Colloquium

2020 Jan 23

Colloquium: Gil Kalai (HUJI) - Some recent advances in combinatorics

2:30pm to 3:30pm

Location: 

Manchester Building (Hall 2), Hebrew University Jerusalem
I will discuss some recent advances in combinatorics, among them the disproof of Hedetniemi conjecture by Shitov, the proof of the sensitivity conjecture by Huang, the progress on the Erdos-Rado sunflower conjecture by Alweiss, Lovett, Wu, and Zhang, and the progress on the expectation threshold conjecture by Frankston, Kahn, Narayanan, and Park.
2019 Dec 05

Colloquium: Yoel Groman (HUJI) - Floer homology of the magnetic cotangent bundle

2:30pm to 3:30pm

Location: 

Manchester Building (Hall 2), Hebrew University Jerusalem

Hamiltonian Floer cohomology was invented by A. Floer to prove the Arnold conjecture: a Hamiltonian diffemorphism of a closed symplectic manifold has at least as many periodic orbits as the sum of the Betti numbers. A variant called Symplectic cohomology was later defined for certain non compact manifolds, including the  cotangent bundle of an arbitrary closed smooth manifold. The latter is the setting for classical mechanics of constrained systems.

2020 Mar 19

Colloquium: CANCELLED

2:30pm to 3:30pm

Location: 

Manchester Building (Hall 2), Hebrew University Jerusalem

Abstract: A spanning tree of a graph G is a subgraph with the same vertex set which is a tree. In 1981, McKay proved an asymptotic result regarding the number of spanning trees in random k-regular graphs. In this talk we will discuss an analogous result for certain random simplicial complexes (All terms will be explained in the talk).
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The talk is based on a joint work with Lior Tenenbaum.
2019 Dec 12

Colloquium: Menachem Lazar (Bar Ilan) - Spatial point sets, level set geometry, and Voronoi topology structure analysis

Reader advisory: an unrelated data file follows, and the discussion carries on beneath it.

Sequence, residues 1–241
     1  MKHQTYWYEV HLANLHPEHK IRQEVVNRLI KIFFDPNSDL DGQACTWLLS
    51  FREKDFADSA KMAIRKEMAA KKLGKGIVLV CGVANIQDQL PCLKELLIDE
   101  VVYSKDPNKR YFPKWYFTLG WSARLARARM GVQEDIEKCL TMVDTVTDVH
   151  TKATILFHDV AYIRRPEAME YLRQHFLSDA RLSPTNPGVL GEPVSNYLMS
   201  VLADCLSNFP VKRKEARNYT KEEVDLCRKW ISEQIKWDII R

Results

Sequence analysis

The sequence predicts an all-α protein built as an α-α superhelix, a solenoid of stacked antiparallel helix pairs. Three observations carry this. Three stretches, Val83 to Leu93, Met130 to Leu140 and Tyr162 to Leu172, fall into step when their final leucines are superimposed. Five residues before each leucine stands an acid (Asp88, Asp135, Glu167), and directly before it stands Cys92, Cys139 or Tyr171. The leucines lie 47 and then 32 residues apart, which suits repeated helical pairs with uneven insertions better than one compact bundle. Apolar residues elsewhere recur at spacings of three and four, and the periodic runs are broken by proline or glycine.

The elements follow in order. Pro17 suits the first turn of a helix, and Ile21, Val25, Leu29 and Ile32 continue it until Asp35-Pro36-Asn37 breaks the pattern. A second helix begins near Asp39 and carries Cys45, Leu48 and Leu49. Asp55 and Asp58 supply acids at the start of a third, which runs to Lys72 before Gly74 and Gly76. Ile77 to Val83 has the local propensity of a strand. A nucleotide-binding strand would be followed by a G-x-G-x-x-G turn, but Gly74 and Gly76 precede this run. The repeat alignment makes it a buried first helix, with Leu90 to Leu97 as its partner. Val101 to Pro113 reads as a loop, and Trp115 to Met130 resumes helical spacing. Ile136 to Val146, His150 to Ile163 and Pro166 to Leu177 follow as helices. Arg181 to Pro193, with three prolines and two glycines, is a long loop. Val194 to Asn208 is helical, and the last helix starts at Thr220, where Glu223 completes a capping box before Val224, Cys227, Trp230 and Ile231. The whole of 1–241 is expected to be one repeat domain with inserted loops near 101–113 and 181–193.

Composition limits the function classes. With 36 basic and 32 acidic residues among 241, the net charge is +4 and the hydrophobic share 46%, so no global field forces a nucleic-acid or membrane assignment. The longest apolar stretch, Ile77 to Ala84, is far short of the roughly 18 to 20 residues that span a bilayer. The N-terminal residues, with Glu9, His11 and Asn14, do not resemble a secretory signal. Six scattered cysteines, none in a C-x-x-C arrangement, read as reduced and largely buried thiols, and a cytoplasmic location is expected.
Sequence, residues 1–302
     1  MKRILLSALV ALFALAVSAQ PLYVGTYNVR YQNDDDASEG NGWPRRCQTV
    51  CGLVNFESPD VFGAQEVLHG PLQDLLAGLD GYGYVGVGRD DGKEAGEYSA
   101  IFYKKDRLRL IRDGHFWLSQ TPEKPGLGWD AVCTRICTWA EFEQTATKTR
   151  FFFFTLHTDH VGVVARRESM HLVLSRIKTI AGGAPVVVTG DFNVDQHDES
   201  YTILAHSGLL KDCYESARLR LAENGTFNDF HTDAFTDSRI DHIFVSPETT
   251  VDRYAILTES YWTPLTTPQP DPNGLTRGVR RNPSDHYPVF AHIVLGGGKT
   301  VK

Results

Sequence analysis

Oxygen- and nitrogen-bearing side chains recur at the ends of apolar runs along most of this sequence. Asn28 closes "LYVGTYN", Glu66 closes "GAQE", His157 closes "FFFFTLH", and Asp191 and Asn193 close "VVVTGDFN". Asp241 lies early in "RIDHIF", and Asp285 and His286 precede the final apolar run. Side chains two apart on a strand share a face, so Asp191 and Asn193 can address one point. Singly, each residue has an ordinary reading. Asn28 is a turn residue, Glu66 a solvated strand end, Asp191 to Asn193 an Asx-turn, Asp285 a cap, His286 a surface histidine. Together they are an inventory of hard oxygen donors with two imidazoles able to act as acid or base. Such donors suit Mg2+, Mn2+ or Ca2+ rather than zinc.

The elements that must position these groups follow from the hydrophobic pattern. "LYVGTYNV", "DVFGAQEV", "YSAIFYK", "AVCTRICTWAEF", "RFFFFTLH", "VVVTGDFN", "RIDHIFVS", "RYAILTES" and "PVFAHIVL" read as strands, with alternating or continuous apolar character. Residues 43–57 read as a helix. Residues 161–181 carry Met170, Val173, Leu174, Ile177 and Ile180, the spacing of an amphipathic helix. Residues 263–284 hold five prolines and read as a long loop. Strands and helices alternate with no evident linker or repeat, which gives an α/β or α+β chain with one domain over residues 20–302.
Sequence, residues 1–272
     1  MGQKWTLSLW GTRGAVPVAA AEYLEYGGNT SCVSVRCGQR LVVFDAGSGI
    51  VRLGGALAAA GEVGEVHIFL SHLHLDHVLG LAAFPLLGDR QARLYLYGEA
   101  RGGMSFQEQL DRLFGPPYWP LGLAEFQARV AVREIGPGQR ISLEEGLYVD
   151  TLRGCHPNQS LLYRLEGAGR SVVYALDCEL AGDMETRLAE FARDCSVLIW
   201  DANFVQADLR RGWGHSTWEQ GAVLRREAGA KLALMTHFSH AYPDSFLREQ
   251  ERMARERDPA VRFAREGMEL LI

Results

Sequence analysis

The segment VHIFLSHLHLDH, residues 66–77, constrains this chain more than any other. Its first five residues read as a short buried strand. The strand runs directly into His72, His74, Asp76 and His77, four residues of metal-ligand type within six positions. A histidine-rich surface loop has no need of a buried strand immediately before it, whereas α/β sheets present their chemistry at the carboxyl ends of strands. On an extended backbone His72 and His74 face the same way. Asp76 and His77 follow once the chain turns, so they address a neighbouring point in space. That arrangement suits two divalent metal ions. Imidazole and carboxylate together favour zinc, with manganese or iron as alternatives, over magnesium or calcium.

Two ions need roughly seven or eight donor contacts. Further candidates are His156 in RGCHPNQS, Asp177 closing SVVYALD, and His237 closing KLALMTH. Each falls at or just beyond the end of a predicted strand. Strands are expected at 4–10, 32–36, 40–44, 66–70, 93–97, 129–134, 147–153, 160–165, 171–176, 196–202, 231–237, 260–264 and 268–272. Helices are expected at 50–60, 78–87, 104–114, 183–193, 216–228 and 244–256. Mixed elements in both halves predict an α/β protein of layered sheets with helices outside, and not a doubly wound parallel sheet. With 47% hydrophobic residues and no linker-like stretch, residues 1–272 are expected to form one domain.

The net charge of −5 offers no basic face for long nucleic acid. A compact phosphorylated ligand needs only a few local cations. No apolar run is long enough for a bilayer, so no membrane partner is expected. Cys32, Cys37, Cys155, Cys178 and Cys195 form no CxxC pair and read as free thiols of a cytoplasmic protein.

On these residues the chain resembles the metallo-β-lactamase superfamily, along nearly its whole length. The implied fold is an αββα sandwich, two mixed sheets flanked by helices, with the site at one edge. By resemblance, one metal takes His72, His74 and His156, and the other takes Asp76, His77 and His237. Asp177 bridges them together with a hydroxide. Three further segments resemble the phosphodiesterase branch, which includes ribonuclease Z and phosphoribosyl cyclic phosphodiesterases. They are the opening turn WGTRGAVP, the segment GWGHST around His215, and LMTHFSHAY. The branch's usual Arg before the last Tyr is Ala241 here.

2:30pm to 3:30pm

Location: 

Manchester Building (Hall 2), Hebrew University Jerusalem
Physical systems are regularly studied as spatial point sets, and so understanding the structure in such sets is a very natural problem. However, aside from several special cases, describing the manner in which a set of points can be arranged in space has been historically challenging. In the first part of this talk, I will show how consideration of the configuration space of local arrangements of neighbors, and a few simple results in metric geometry, can shed light on essential challenges of this problem, and in the classification of data more generally.
2019 Oct 31

Colloquium: Leonid Polterovich (TAU) - Quantum footprints of symplectic rigidity

2:30pm to 3:30pm

Location: 

Manchester Building (Hall 2), Hebrew University Jerusalem
Title: Quantum footprints of symplectic rigidity
Abstract: I'll discuss an interaction between symplectic topology, a rapidly developing mathematical area originated as a geometric language for problems of classical mechanics, and quantum mechanics. On one hand, ideas from quantum mechanics give rise to new structures on the symplectic side, and quantum mechanical insights lead to useful symplectic predictions. On the other hand, some phenomena discovered within symplectic topology admit a translation into the language of quantum mechanics.
2019 Nov 07

Colloquium: Boaz Klartag (Weizmann) - Needle decomposition and Ricci curvature

2:30pm to 3:30pm

Location: 

Manchester Building (Hall 2), Hebrew University Jerusalem
Title: Needle decomposition and Ricci curvature
Abstract: Needle decomposition is a technique in convex geometry,
which enables one to prove isoperimetric and spectral gap
inequalities, by reducing an n-dimensional problem to a 1-dimensional
one. This technique was promoted by Payne-Weinberger, Gromov-Milman
and Kannan-Lovasz-Simonovits. In this lecture we will explain what
needles are, what they are good for, and why the technique works under
lower bounds on the Ricci curvature.
2019 Dec 26

Colloquium: Boaz Haberman (UCF)

2:30pm to 3:30pm

Location: 

Manchester Building (Hall 2), Hebrew University Jerusalem

A variety of algebra is a concept like "monoid", "group" or "ring" (but not "field"), which can be axiomatized by finitary operations (e.g. multiplication, inversion) and universally quantified axioms (e.g. associativity).

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